How to help single parents de-stress their children




In another post, we talked about using nature at church to help de-stress children of divorce. It’s a lonely world out there when you’re parenting alone, and your kid gets stressed out by something you have no control over. It is good to have a few suggestions on hand to help single parents.

When I was a single parent, my kids and I stumbled onto the idea of going outside to calm us down. My son ran, I walked and gardened, and as a family, we spent a lot of time at the swimming pool. Sometimes, my daughter and I just sat in the backyard and talked.

We learned that, after we had spent time outside in God’s beautiful creation, we

  • Felt better
  • Were relaxed
  • Slept better
  • Were all in a better mood
  • Laughed more
  • Didn’t see big problems as catastrophic anymore
  • Enjoyed each other and came together as a family

Now, we have brain research and God’s word that proves this to be true. Psalm 19:1–6 allows us to hear David describing God’s creation. I use this passage of scripture to help single parents realize the importance of acknowledging the beauty of nature with their children.

The heavens declare the glory of God; the skies proclaim the work of his hands. Day after day they pour forth speech; night after night they reveal knowledge. They have no speech, they use no words; no sound is heard from them. Yet their voice goes out into all the earth, their words to the ends of the world. In the heavens, God has pitched a tent for the sun. It is like a bridegroom coming out of his chamber, like a champion rejoicing to run his course. It rises at one end of the heavens and makes its circuit to the other; nothing is deprived of its warmth. Ps. 19:1–6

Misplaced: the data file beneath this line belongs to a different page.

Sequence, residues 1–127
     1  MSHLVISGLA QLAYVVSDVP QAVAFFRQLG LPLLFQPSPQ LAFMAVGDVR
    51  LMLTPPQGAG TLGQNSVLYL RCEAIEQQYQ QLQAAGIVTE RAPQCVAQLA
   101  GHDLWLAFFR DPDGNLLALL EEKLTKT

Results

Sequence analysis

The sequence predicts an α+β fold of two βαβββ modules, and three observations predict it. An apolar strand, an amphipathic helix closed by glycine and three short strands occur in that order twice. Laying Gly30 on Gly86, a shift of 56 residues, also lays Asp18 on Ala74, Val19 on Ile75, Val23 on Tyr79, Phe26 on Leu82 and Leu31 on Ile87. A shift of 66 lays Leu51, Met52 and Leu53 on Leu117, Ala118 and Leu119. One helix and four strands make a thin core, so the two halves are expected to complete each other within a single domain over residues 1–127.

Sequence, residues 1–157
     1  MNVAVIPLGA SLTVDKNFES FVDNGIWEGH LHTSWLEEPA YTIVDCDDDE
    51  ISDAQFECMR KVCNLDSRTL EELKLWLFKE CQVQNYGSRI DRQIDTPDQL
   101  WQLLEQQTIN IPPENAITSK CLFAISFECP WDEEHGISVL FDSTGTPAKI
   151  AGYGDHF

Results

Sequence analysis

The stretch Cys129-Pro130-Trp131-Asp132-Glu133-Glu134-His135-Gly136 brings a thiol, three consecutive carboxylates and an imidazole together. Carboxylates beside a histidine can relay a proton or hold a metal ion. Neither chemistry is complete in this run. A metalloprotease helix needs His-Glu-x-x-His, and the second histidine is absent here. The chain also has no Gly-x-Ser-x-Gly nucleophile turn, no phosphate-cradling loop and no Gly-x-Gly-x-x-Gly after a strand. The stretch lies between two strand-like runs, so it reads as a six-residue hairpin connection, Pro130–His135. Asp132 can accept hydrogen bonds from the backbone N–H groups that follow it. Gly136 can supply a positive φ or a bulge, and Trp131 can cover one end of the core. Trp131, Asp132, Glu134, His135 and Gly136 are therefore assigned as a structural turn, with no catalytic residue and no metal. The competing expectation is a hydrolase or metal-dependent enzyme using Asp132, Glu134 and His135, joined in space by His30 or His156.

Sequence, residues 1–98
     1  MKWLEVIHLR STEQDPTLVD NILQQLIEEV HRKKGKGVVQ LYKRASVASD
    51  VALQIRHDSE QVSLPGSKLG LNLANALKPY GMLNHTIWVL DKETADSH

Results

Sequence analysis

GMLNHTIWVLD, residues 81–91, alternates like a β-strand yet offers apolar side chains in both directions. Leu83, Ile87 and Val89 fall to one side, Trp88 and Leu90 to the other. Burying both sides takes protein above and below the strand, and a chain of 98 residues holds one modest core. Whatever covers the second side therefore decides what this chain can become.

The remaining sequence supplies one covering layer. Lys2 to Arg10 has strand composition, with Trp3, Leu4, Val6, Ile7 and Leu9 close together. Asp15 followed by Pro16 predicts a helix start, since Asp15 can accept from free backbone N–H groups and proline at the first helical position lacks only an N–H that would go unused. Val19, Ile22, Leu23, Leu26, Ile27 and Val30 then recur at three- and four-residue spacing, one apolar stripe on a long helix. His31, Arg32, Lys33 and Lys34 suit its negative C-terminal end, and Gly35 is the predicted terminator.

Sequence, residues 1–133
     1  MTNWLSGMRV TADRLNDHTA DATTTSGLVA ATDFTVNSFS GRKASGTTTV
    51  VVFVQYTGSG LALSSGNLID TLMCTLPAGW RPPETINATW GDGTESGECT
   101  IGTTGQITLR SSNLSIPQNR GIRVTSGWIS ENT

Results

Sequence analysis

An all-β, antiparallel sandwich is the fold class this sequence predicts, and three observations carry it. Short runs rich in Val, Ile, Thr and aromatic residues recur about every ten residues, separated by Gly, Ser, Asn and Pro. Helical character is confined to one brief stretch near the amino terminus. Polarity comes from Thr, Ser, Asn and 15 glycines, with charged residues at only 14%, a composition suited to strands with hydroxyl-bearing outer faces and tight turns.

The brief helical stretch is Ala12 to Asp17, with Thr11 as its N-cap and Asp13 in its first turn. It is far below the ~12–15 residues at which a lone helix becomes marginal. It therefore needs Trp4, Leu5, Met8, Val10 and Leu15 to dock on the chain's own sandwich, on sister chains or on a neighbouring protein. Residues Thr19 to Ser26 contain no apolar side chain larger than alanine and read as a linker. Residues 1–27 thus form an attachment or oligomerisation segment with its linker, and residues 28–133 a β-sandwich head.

I want to share with you an exercise that I have used to help single parents realize how important it is to get their kids outside and to see what David saw so many years ago. Many kids in single-parent homes spend a lot of time indoors using a screen of some sort. This is especially true if the single-parent family lives in an apartment complex.

We made up three lists: green activities, not-green activities, and things that we called “nature affected,” meaning they were outside but used man-made items.

Green activities

  • Going to a park
  • Taking a walk together
  • Letting the kids play with neighbor kids, but they have to play outside
  • Riding bikes 
  • Climbing trees
  • Go fishing or hunting
  • Swimming
  • Going to the beach, and playing in the sand
  • Climbing a mountain or taking a hike
  • Looking at the stars
  • Bird watching
  • Collecting treasures outside, such as seeds, shells, and sticks

Not-green activities

  • Playing computer/video games
  • Watching movies
  • Watching TV
  • Playing a board game
  • Cooking together
  • Doing homework
  • Reading a book
  • Saying family devotions

Nature-affected activities

  • Skateboarding
  • Soccer
  • Football
  • Baseball
  • Street hockey
  • Shooting hoops

We made all three lists on the board. At first, the single parents could think of a lot of not-green activities. They had to concentrate a little more on the green activities, and the nature-affected ideas seemed to slip in between the two.